Digital budgets remain a source of growth for UK PR firms but a majority of agency executives are raising concerns about the level of training they receive, according to the 2014 edition of the PRCA Digital Report.

The Report, which was launched last night, again provides a useful barometer of the pace of digital development in the UK's PR industry. The survey, which saw YouGov poll 228 agency and in-house professionals, is led by PRCA Digital Group chairman Danny Whatmough.

Whatmough flagged up a number of key findings, not least that 70% of agency people describe their digital training as 'small to moderate'. Around the same proportion rely on expert blogs for social media education.

Those results could suggest a potential skills gap, given both the growth of digital revenues for PR firms, and their continued desire to diversify into new areas. 62% of respondents reported rising digital/social media budgets, but digital accounts for between 11-20% of overall revenues at almost a third of agencies.

A quarter, however, believe that this proportion will rise to 21-30% within the next 12 months. Meanwhile, the digital services required of PR firms appear to be changing fast. There is 12% growth in investment in online advertising and PPC, with 72% expecting growth in paid media over the next five years. 47% cite Facebook's algorithm changes as the key driver in this trend. Paid media is clearly an opportunity but, as Whatmough pointed out, agencies still need to "prove themselves."

That comment was brought into sharp relief when a panel of industry leaders discussed the findings from the Report. Bite head of consumer Jon Silk, for example, noted his worry that many of his clients do not buy paid digital services from their PR firms.

Vikki Chowney, who heads hybrid PR/digital firm Things With Wings, took this observation one step further, pointing out that media agencies are leading when it comes to partnerships, collaboration and co-creation — all areas that clients are increasingly classing as "paid."

The temptation, said Whatmough, is that PR agencies try to offer too many services, rather than focusing on the areas they are good at. In particular, that would appear to involve storytelling, content creation and realtime marketing, rather than community management — which the Report reveals is increasingly migrating in-house.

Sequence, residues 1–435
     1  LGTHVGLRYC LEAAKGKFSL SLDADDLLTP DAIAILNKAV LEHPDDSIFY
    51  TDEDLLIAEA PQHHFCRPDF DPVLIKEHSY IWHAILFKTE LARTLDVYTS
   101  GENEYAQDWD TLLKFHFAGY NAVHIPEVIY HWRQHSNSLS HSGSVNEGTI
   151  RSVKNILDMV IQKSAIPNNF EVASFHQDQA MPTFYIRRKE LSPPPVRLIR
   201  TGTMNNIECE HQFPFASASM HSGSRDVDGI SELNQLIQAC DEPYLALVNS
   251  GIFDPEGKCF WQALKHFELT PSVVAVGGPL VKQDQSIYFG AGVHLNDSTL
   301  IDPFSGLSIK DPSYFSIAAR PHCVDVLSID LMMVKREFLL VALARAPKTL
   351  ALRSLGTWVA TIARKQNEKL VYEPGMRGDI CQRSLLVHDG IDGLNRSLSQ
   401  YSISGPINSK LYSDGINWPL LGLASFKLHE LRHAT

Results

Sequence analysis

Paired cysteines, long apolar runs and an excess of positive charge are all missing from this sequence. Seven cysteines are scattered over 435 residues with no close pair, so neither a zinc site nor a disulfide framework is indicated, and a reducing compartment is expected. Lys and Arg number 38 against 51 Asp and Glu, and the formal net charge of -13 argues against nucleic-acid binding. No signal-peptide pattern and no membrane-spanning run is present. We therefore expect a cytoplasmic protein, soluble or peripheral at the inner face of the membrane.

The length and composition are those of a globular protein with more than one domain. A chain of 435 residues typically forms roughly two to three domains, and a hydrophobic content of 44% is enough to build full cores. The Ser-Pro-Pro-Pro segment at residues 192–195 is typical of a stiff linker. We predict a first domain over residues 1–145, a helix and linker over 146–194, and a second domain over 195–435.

As Hill+Knowlton Strategies chief creative officer Simon Shaw noted, "we shouldn't forget what we're great at, that's storytelling." Ultimately, though, much will depend on investment levels in digital and analytics. That goes for both smaller firms that may not have the resources to innovate ahead of client need, and the bigger agencies that have to retrofit thousands of employees.

These are not new issues for the PR industry, but the Report does a useful job of highlighting the specific digital challenges that persist. One method of addressing that skills gap, of course, is to partner with a specialist digital agency. Things With Wings is an example of that, one that appears to be progressing well thanks to good planning and a clear understanding of client needs.

Not every story is as happy, though; Silk explained that Bite's merger with digital sibling Bourne failed because clients simply didn't need such a wide supply of services across so many disciplines. "It forced us to strip back and return to what we're really good at," said Silk. "Understand what you're really good at as an agency and focus on that."

Increasingly, that is going to involve less traditional areas such as paid media, content marketing and digital analytics, particularly as social commerce rises in importance. But the panel's conclusion is good advice for any PR firm that is grappling with the digital investment challenge, amid the temptations of rushing into too many areas all at once.